James Baillie Fraser

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Portrait by William Brockedon (1833)

James Baillie Fraser (June 11, 1783 – January 1856) was a Scottish travel writer and artist who illustrated and wrote about Asia Minor and India. Some of his watercolours made in the picturesque style represent early views of India and Persia.

Early life[edit]

James was born at Reelig in the county of Inverness. He was the eldest of five sons[1] of Edward Satchel Fraser (1751–1835) and his wife Jane. He grew up on the family estate and studied under a tutor in Edinburgh. He lived from 1799 to 1811 in Guiana to oversee the sugar plantations that they owned in Berbice. He returned from the West Indies in 1806 due to ill health. All of his brothers travelled in the East and had successful careers.[2]

India[edit]

Jumnotree, the source of the River Jumna (1820)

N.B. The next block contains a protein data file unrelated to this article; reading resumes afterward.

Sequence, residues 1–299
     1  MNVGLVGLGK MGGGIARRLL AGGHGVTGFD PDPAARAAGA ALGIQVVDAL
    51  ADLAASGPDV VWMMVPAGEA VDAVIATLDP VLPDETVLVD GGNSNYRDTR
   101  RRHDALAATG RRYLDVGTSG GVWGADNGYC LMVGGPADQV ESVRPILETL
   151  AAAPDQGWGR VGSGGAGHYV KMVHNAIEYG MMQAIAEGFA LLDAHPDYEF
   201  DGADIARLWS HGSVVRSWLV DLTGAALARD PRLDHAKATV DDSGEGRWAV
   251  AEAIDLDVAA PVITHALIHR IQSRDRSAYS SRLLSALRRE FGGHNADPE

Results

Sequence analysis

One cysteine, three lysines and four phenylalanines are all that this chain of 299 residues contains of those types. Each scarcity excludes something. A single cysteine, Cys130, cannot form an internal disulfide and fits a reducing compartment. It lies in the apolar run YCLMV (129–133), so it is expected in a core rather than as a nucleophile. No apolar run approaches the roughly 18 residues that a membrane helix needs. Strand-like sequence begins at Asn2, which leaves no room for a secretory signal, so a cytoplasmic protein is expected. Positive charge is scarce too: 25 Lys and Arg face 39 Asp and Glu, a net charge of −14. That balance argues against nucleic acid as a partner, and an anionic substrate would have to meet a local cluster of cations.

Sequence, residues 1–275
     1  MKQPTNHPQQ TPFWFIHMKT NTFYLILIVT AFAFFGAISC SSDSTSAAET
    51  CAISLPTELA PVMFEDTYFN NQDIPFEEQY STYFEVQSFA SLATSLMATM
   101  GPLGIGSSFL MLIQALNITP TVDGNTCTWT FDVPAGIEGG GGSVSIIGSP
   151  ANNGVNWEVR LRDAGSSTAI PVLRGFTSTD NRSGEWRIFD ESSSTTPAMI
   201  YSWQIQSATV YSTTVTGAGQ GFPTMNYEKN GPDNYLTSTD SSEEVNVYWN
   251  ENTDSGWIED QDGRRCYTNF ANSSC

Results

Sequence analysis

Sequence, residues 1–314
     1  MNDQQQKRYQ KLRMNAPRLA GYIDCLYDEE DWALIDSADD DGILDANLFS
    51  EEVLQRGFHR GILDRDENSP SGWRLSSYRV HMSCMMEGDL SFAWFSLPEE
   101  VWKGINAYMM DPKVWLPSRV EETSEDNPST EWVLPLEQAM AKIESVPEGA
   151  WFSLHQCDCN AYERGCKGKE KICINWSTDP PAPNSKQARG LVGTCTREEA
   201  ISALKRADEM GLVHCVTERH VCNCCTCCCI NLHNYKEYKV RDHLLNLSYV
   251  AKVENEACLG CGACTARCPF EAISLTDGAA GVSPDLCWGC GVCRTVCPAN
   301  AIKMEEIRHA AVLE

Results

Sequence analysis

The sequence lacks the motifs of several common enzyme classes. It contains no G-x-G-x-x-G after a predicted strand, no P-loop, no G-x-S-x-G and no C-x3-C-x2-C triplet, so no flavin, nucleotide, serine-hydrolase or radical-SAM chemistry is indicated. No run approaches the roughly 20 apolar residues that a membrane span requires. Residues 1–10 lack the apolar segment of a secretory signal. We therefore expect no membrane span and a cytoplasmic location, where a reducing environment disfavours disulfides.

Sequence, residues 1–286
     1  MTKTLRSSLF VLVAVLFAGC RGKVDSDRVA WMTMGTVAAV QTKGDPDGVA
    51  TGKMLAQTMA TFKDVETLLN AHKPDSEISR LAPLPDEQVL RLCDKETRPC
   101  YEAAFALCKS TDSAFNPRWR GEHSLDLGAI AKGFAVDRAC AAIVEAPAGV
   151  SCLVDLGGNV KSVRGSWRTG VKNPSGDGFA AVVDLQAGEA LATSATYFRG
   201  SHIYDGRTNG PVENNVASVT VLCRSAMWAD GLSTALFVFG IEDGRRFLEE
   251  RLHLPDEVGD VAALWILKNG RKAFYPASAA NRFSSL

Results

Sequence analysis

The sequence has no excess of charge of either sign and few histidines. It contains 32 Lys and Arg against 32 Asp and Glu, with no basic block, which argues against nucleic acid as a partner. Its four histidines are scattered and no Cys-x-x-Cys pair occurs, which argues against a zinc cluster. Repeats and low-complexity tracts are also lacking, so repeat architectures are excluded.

James' father had mortgaged the family estate to buy the sugar plantation in the West Indies. When sugar prices collapsed due to overproduction, they mortgaged the plantation and soon ran into debts. In early 1813 James set sail for India, hoping to set up a trade business in Calcutta to help pay off the family debts.[1] His ship ran into a sandbank off Madras and he was finally able to reach Calcutta only in October. The trade venture did not do well and failed the next year. In January 1815 he went to join his brother William (assassinated in 1835 possibly at the behest of Shams-ud-Din, Nawab of Firozpur who believed that William prevented him from inheriting title and wealth[3]) who was posted in Delhi. His brother was a Writer to the East India Company. His work in Delhi dealt with land survey and settlement and involved being out in the field and meeting people. William had demonstrated his excellence in Indian languages and customs and he maintained local artists to draw portraits in what is now called the "Company school" style.[1] William was also a keen outdoorsman who went tiger hunting on foot. William had Indian mistresses or bibis although little is know about his children. He was also a close friend of James Skinner, a Scottish soldier born to a Rajput mother. Skinner raised the cavalry regiment known after him as Skinner's Horse and James was later to write a memoir on his life. Around the time that James visited, William had been appointed to work as a political agent in the Nepal war. Fascinated by the hilly country where they finally met, James began to sketch the scenery of the Himalayan region. He later travelled the region, seeking the source of the rivers Yamuna and Ganga. James found that he was not good with human figures and decided to learn from portraits made of Gurkhas by the native artists (especially one named Lalljee) employed by his brother. In 1820 several of these aquatints were printed as Views in the Himala Mountains.[1] In 1816 James returned to Calcutta and joined a partner in shipping business. He also took more interest in art and worked with professional artists William Havell (1782–1857) and George Chinnery (1744–1852). In 1826 he published Views of Calcutta and its Environs. He then travelled west to Bombay and then accompanied the East India Company officer Dr Andrew Jukes to Persia, sailing to Bushahr and then to Tehran and finally reached London in 1823. Jukes died on the way at Esfahan in 1821. During this journey he sketched and kept a diary and this was finally published as Narrative of a Journey into Khorasan in the Years 1821 and 1822 (1825) and Travels and Adventures in the Persian Provinces of the Southern Banks of the Caspian Sea (1826). In 1823 he married Jane, daughter of Alexander Fraser Tytler, Lord Woodhouselee, a sister of the historian Patrick Fraser Tytler.[2]